Date of this Version
Fant, T. L. (2017) Black Male and Teaching: Exploring the Experiences, Perspectives and Teaching Practices of Black Male Teachers. PhD dissertation, University of Nebraska
As America’s K-12 student population continues to become more diverse, it is important that the ethnic background of the teacher population reflect this change. A crucial aspect of this diversification effort includes black male teachers.
The purpose of this study was to explore and examine the experiences and perspectives of African American male K-12 teachers. In doing so, this study would help to tell us more about their identities, teachings and relationships with other educational staff and students. Other secondary focus areas include black male teacher experiences within their educational settings and how black male teachers describe their relationships with minority students-especially males.
In conducting the study one-on-one face-to-face interviews were conducted along with participant observations. Emergent themes that surfaced were: lack of black male teachers, being the only black male teacher, being a role model, being a disciplinarian, and teaching being a gendered and ethnic dominated profession. The participants highlighted issues that questioned notions of gender matching teachers and students along with debating the assurance of acceptance of black male teachers from minority students solely on the basis of their ethnic background. Additionally, participants described issues of ascribed and self-defined identities as black male teachers.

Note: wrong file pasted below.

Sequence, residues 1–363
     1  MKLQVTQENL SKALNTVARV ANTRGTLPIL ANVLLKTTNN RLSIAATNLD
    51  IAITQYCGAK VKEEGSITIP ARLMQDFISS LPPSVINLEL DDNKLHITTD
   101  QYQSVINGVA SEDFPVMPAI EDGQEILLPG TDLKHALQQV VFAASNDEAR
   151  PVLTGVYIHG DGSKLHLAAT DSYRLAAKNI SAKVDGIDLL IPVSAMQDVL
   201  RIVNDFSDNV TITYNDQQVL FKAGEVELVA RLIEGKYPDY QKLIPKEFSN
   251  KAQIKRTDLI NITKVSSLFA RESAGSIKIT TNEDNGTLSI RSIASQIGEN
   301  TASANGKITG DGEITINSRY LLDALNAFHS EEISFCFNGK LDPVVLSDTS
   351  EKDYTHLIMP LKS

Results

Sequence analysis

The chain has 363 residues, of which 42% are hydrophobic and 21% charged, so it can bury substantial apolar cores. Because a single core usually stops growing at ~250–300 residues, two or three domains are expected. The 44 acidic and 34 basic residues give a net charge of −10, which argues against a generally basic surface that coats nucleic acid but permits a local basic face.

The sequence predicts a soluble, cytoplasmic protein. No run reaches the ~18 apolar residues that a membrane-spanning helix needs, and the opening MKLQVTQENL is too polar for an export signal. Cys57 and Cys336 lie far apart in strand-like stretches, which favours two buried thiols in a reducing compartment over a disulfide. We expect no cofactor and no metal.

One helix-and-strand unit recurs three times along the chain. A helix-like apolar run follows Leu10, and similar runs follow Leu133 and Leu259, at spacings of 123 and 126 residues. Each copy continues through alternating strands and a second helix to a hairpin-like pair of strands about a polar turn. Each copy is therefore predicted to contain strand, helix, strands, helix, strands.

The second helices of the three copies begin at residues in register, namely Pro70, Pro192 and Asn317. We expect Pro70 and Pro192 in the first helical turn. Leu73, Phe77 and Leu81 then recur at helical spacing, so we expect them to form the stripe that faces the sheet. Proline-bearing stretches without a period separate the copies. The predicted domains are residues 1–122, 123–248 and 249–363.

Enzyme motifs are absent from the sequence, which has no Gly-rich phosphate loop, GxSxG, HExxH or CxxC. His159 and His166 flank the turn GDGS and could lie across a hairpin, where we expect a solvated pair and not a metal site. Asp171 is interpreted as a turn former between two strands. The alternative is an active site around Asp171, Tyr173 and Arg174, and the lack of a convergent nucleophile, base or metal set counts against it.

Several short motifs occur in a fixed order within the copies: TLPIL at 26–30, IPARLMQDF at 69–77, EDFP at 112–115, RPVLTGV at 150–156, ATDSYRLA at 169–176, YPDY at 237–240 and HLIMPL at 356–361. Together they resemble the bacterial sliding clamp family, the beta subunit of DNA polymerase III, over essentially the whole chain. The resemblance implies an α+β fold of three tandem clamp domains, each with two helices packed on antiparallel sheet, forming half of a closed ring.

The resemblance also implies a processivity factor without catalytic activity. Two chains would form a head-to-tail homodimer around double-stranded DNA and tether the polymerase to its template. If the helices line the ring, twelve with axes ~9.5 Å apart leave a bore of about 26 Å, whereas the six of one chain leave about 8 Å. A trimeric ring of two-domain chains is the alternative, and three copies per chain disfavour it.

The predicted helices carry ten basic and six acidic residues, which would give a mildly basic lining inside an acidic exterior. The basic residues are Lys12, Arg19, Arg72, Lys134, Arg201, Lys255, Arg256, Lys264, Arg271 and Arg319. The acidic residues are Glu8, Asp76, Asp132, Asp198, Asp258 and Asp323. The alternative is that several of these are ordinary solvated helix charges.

Findings in this study can be used by teacher preparation programs, educational policy makers and administrators to facilitate positive change in the continued diversification of America’s teacher workforce for the purpose of improving academic achievement for K-12 students.
Advisor: John Raible